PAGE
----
• ‘It seems yet another puppy had attempted to make an escape, this time a German Shepard pup.’
    • ‘The snake was half in the bag when it turned around and attempted an escape.’
    • ‘Alexei is unable to accompany her - his price for his compliance in her escape is confinement in a Soviet work camp.’
    • ‘One group of hostages which had earlier attempted an escape were all killed.’
    • ‘On Friday morning, the guards thwarted an escape attempt by 2 inmates.’
    • ‘The third spider was moving rapidly across the coffee table, attempting an escape.’
    • ‘During the theft he comes upon a chambermaid whom he takes hostage, then kills, as his escape attempt goes awry.’
    • ‘Various escape attempts were made, but no one was out for long.’
    getaway, breakout, bolt for freedom, running away, flight, bolting, absconding, decamping, fleeing, flit
    View synonyms
    1. 1.1An act of avoiding something dangerous or unpleasant.
      ‘the baby was fine, but it was a lucky escape’
      • ‘A lawyer and his family who had a narrow escape in the tsunami disaster are working in two hospitals to help the injured survivors.’
      • ‘A local man had a narrow escape from serious injury when the tractor he was driving was in collision with a lorry at Boggan Hill on Tuesday March 26.’
      • ‘An Ambleside man had a narrow escape after stumbling and sinking up to his armpits in a bog while walking on the Lake District fells, reports Paul Duncan.’
      • ‘A Cranmore woman had a narrow escape when a bullet smashed through the front window of her car during last weekend's shooting.’
      • ‘The first recorded sighting of the Loch Ness Monster dates from the 6th century when one of Saint Columba's monks had a narrow escape from its jaws.’
      • ‘On March 10, the Evening Press reported that four householders in the village had a narrow escape when a car skidded off the road and ploughed into two houses.’
      • ‘No serious injuries were reported but the car driver had a narrow escape.’
      • ‘A Kirkby Lonsdale woman had a narrow escape when lightning struck the shop she was working in as a violent thunderstorm engulfed the town.’
      • ‘Two people from Bradford had a miraculous escape after the vehicle in which they were travelling crashed through a fence.’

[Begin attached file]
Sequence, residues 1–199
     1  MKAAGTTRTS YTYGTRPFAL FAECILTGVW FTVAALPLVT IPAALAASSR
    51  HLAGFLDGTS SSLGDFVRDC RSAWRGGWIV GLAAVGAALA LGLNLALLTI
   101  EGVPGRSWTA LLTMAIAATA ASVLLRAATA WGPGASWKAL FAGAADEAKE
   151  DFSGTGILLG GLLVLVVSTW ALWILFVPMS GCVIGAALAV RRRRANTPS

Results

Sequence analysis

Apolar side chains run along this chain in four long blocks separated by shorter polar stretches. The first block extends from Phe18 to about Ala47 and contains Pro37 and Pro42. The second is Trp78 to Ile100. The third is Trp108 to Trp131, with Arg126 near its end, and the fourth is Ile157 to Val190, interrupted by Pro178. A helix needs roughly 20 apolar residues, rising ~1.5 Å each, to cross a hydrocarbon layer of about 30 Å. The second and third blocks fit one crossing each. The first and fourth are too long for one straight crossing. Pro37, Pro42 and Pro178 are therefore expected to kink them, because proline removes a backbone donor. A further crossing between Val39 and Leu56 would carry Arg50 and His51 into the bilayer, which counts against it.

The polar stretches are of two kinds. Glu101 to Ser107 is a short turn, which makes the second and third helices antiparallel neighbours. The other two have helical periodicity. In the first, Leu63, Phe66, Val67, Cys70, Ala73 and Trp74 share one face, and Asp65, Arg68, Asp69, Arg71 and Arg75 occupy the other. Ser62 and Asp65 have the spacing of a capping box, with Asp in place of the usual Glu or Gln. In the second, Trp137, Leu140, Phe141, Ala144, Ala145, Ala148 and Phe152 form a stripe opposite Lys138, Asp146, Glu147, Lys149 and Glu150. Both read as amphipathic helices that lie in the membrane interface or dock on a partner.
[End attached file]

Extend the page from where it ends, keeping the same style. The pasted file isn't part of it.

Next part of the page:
• ‘Motorists had a narrow escape when a lorry carrying heavy scrap metal crashed into a bridge, shedding its load.’
      • ‘A terrified gamekeeper had a lucky escape after he managed to sprint to safety from a charging hippopotamus.’
      • ‘Residents in a block of flats in Epsom had a narrow escape on Valentine's Day when a fire in a basement flat threatened to engulf the three-storey block.’
      • ‘A family of four from Pewsey has spoken of its narrow escape from the flooding disaster that devastated the Cornish village of Boscastle.’
      • ‘Last year, Kevin had a narrow escape when a stunt went horribly wrong.’
      • ‘A lorry driver and his colleague had a narrow escape when a brick hurled by youths struck just centimetres from the windscreen.’
      • ‘A dream holiday in the Caribbean turned into a narrow escape for a pair of friends from Trowbridge as they found themselves in the path of a hurricane.’
      • ‘In York, one family had a narrow escape when a tree fell on their car.’
      • ‘An elderly couple had a narrow escape from an arson attack that would have ‘undoubtedly’ killed them.’
      • ‘We opted for the bottled water and thanked our lucky stars for our narrow escape.’
      • ‘More recently he had a narrow escape when a motorist suddenly changed lanes and crossed right in front of him, forcing him to swerve to avoid a collision.’
    2. 1.2A means of escaping from somewhere.
      [as modifier] ‘he had planned his escape route’
      • ‘I then busied myself with the task of planning an escape route… You know, just in case.’
      • ‘The files were dated June 26, 2004, and included details about escape routes, evacuation plans and road closures.’
      • ‘Another explosion rocks the ship, and suddenly the escape capsule breaks free - flying to the surface.’
      • ‘Plan an escape route in case you are washed into the sea.’
      • ‘The family members should plan two escape routes from each room and practise the plan until it is perfected.’
      • ‘When rich nations lock poorer countries out of their markets in this way, they close the door to an escape route from poverty.’
      • ‘His escape route would no doubt be well planned, but that was of little consequence or interest to Bailey - they needed to stop the man before he made the shot.’
      • ‘He was beginning to be extra glad that Miles had planned an escape route.’
      • ‘I had an escape route planned out of town, and since I'd be driving my scooter I wouldn't have to worry about traffic.’
      • ‘She knew she had me, that there was no escape and that the weekend that followed would be torment and humiliating.’
      • ‘I spend the next couple of hours planning my escape route.’
      • ‘Damn, I had escape routes planned from countries I'd never even been to.’
      • ‘There was no escape, no way out of this.’
      • ‘In our plan, we had never devised an emergency escape route.’
      • ‘All four women began life in poverty, from which prostitution offered the only escape.’
    3. 1.3A garden plant or pet animal that has gone wild and (especially in plants) become naturalized.
      ‘it is not a native of Britain, though often occurring as an escape’
      • ‘This tropical China native is a rare escape from cultivation.’
      • ‘It is most likely that the two trees are escapes or remnants from cultivation.’
      • ‘And Vaccinium macrocarpon (the cranberry) is now a casual escape on the Pacific coast.’
      • ‘Gleason and Cronquist list it as an escape in Vermont and New Hampshire.’